Why can’t my child pronounce the letters L and R?

Q. My daughter does not correctly pronounce her “L” and “R” sounds when she speaks. Many times words like “love” sound like “wove,” and words like “Raleigh” sound like “Waweigh.” She is four-and-a-half years old and I’m concerned she may have a speech disorder. Is it normal for children this age to mispronounce L and R letter sounds? Should I have her evaluated? What can I do at home to help her with this?

A. We often receive inquiries from parents who have children around the same age as your daughter with the same concerns. They are worried about how their child produces /r/ and /l/ sounds. Rest assured, your daughter’s mispronunciation and speech sound errors with /r/ and /l/ are quite normal given her age.

As a speech-language pathologist, it is part of my job to know when speech sound errors are developmental and non-developmental. When a speech sound error is developmentally based, it means the error is appropriate given the child’s age. A non-developmental speech sound error occurs if the child should be able to correctly produce the specific sound based on his age. These types of non-developmental speech sound errors would require intervention.

Speech-language pathologists use a speech sound development chart to determine if a speech sound error is developmental in nature. The chart demonstrates normal ranges for when children of certain ages should acquire and produce specific sounds correctly. The /l/ sound is typically acquired and produced correctly after 5 years of age, while the /r/ sound comes after 6 years of age. Considering that your daughter is four-and-a-half years old, these speech sound errors are still considered to be developmental and do not require further attention.

While waiting for your daughter to continue to develop /r/ and /l/ sounds, there are some ways that you can encourage good speech sound production at home. Parents play a key role in in the development of their child’s speech skills. Try implementing some of these strategies on a daily basis to support your daughter’s speech development.

Anticipate Errors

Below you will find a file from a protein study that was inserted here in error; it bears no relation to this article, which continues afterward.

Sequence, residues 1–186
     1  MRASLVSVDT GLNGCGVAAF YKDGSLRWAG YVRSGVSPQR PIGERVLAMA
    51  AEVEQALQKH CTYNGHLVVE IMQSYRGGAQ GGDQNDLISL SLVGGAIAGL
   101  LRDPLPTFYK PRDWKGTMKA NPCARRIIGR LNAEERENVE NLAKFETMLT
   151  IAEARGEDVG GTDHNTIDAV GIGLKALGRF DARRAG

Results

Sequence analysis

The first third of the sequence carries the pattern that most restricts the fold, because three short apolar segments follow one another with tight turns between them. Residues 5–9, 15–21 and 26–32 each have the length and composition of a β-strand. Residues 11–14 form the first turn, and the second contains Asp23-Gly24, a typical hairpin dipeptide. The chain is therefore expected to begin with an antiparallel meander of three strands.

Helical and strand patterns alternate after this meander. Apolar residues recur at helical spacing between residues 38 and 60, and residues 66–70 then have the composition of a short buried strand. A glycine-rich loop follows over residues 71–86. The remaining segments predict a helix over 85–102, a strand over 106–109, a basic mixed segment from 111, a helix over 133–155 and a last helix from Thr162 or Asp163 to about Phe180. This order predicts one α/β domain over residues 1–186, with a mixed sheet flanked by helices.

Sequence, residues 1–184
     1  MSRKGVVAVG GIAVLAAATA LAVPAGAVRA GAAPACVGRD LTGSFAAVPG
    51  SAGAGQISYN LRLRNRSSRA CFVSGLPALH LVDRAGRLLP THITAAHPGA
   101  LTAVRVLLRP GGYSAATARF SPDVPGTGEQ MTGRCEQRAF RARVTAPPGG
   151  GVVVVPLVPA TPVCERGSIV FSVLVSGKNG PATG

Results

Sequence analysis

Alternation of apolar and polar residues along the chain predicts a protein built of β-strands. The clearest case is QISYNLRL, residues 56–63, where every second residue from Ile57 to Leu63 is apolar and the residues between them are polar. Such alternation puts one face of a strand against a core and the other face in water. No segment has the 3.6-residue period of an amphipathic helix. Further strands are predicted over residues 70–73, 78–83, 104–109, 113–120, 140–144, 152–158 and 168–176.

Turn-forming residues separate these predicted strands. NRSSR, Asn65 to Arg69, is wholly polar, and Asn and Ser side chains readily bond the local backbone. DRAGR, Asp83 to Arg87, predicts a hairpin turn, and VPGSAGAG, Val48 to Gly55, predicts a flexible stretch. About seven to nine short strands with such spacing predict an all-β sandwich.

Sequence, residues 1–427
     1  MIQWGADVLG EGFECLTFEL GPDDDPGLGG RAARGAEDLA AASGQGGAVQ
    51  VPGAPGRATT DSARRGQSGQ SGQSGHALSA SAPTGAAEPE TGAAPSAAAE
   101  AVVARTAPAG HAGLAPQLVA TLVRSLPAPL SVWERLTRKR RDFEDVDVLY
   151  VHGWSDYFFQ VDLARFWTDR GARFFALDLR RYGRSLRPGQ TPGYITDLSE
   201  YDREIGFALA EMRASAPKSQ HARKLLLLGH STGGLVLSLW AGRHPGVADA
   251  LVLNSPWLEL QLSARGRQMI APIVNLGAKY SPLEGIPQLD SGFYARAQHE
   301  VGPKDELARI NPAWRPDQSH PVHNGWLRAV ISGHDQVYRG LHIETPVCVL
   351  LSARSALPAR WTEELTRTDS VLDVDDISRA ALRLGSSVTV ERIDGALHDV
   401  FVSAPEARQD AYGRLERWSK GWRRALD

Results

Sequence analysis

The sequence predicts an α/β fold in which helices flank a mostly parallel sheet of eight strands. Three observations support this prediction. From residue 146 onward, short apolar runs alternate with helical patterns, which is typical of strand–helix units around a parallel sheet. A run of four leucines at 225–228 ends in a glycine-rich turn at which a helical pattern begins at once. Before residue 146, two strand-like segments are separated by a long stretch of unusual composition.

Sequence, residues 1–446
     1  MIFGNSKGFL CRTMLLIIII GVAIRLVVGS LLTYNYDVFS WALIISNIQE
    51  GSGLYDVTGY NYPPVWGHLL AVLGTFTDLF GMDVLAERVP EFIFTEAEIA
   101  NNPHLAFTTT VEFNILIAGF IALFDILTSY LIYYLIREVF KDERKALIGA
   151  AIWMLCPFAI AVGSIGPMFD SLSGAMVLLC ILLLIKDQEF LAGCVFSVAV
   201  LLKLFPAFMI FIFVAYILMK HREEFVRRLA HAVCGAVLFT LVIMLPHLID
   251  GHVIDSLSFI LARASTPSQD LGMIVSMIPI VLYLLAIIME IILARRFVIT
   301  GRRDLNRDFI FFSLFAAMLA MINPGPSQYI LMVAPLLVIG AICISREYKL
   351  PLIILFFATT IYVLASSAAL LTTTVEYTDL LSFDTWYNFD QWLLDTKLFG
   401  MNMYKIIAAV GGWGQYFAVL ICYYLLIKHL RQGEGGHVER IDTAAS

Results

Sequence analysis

It is completely normal for children as old as 7 or 8 to make errors with their speech sound production. Errors are certain to happen, so be patient as your daughter is still learning how to correctly produce sounds.

Model Good Speech
Most children pick up on speech sounds by listening to speech models like their parents and teachers. Make sure you are correctly producing speech sounds when you speak with your daughter. If she mispronounces a word, repeat the word correctly back to her. For example, if she says, “I wove you, mommy!,” you should reply with, “I love you, too!,” making sure to correctly model the /l/ sound. Do not repeat the word in error incorrectly back to her—it isn’t helpful to say, “It’s not wove, the word is love.” You only want her to hear the correct way to say the mispronounced word.

Lots of Reading
Reading aloud to your daughter is important for modeling speech sound production. You can overemphasize certain sounds she may have trouble producing. This will help her hear the sound produced correctly in a conversational tone.

Ask Your Child to Repeat
It is important for your daughter to know you are listening to her. If you do not understand something she says, ask her to repeat it. If you still cannot understand her, ask her to show you what she is talking about. Many times, speech sound production will become clearer with repetition.

I know it can be worrisome to hear your child consistently mispronouncing words, but do keep in mind that her speech is still developing and will evolve as she matures. Keep being a good speech partner and model at home. If your concerns remain a year or so down the road, be sure to talk with her pediatrician. You will play a key role in helping her correctly learn and produce speech sounds.

Allison Crumpler is a speech-language pathologist and the director of clinical compliance for Raleigh Therapy Services, Inc., a multidisciplinary pediatric therapy practice in North Raleigh. (919-791-3582)

Image credit: Sunny studio/Shutterstock.com

1 Reply to "Why can't my child pronounce the letters L and R?"

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    Beth V January 19, 2016 (4:13 am)

    This is so helpful! Thank you!

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